Well know bushwalking historian, rogainer and conservationist Andy Macqueen has been recognised with an O.A.M. in the latest Queen’s Birthday Honours list. It is great to see bushwalking being recognised.
Over many years Andy has been busy in so many ways from rewalking the routes of early European explorers (to determine where they really went) to weeding of invasive willow in remote sections of the Colo River Gorge to delving deep into NSW State Library archives to research the early history of bushwalking and Bushwalking NSW (BNSW). So, BNSW extends its congratulations to a past BNSW President.
In a way Andy is being honoured for being a bushwalker. While the O.A.M. newspaper citation is for “service to conservation and the environment” the full citation at the “Its an Honour” website lists –
# Foundation Member, Sea Spurge Remote Area Teams (SPRAT), since 2007.
# Foundation President, Friends of the Colo, since 2000.
# Member, Blue Mountains Regional Advisory Committee, National Parks and Wildlife Service.
These extraordinary activities are only possible by being a bushwalker. Hence, congratulations to Andy Macqueen for being a bushwalking conservationist.
The link below to the Blue Mountains Gazette has an excellent profile of Andy Macqueen O.A.M.
The history of Bush Search and Rescue NSW (BSAR) shows how remote area search and rescue in NSW has changed since 1936 when it was established as the “Search and Rescue Section of the NSW Federation of Bushwalking Clubs” (S&R). In 1936 a team of bushwalkers informally assisted NSW Police in the search for four young men missing in the Grose Valley. After this search Paddy Pallin, among others, approached NSW Police to formalise arrangements to assist NSW Police in the future.
The model of BSAR has always been to use bushwalkers skilled in remote area navigation to travel independently in National Park type country to aid NSW Police as required. Mostly, BSAR has been involved in searching for missing persons.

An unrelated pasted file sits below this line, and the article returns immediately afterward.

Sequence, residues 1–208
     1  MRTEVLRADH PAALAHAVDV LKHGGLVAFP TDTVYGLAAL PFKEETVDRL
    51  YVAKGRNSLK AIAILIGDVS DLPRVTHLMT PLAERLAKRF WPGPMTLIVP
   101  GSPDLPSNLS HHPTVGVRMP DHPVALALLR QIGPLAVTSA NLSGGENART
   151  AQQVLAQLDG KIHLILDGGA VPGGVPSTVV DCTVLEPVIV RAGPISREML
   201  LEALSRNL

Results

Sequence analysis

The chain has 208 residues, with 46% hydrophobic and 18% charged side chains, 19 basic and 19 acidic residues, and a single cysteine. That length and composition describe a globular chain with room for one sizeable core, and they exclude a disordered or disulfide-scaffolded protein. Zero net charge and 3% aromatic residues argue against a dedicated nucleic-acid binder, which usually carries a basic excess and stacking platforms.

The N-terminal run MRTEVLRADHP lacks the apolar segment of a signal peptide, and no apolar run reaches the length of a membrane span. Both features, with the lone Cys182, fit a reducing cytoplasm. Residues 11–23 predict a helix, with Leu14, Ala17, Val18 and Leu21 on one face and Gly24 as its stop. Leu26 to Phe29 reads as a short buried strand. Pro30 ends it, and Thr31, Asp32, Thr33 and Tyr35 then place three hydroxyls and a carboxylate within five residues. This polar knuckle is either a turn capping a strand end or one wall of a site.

The first “Director” of S&R was Paddy Pallin (founder of the well-known bushwalking shop).
In these early days a telephone tree was used to contact bushwalkers as required. The S&R Committee would contact a particular “Club Phone Contact” to ‘callout’ club members. In the very early days search teams would travel by train to an incident.
Sgt Ray Tyson of NSW Police Rescue Squad would often rely on S&R Secretary, Heather White (1959 – 1975) who he thought had an uncanny knowledge of the Blue Mountains.
The “Field Officer” is in control of S&R field operations. Ninian Melville was appointed as S&R Field Officer in 1961 and replaced Paddy as Director in 1970. Also, in May 1970 S&R joined the Volunteer Rescue Association of NSW (VRA) at their first Mid-Year Conference.
HF radio was introduced to S&R by Bob Mead during the 1960’s. Dick Smith, then a member of Sydney Bush Walkers, assisted in the purchase of the first generation of AM field radios. In 1979 the second generation of field radios moved to FM SSB. The ‘QMac’ fourth generation of field radio has given outstanding service for many years as smaller, lighter and more powerful than all previous radios. BSAR now uses a mix of VHF / UHF radios with these HF radios.
Robert Pallin, son of Paddy took over as Director in October 1971 when Ninian stood down. Vertical rescue for S&R at this time was done by members of the Sydney Rock Climbing Club (SRC) with Fergus Bell was the “Rock Rescue Officer”.
Fergus Bell worked closely with Robert until he became Director in September 1980. Later, in July 1984 the author moved from Field Officer to Director.
NavShield was set up in 1989 by Secretary, John Tonitto (1987 – 2012) so 2018 was the 30th NavShield.
A major change occurred in 2001 when S&R became a fixed membership squad since it was no longer acceptable to ‘just’ callout club bushwalkers. S&R incorporated as “Bushwalkers Wilderness Rescue Squad” (BWRS – later to become BSAR) to formalise its training and member skills through CBT (Competency Based Training). BWRS separated from “Federation” with the author its first President.
Overtime, remote area search and rescue has changed further. In 2018, after much consideration, BSAR reluctantly left the VRA and moved to NSW SES (from 1 May) as a better place to fulfil this role.
Within SES the most senior person in SES BSAR now is its Controller, currently Paul Campbell-Allen.
Since 1936 BSAR has been involved in many incidents occasionally multiday. Some high profile searches have included an injured person below Narrow Neck, near Katoomba (1949), schoolgirls Monica Schofield (1963) & Vicki Barton (1969), Scout Leader lost in the flooded Shoalhaven River (1977), Trudie Adams (1978 – see 2018 ABC TV investigation), three young men lost in Kangaroo Valley (1987), lost plane and pilots at Kanangra Walls (1993), lost plane in Barrington Tops (1981; an ongoing mystery), David Iredale, near Mt Solitary of the Blue Mtns (2006), deceased person on Mt Cloudmaker (2007 – see VRA Journal Volume 2.3) and Sevak Simonian at Kanangra Walls (2014)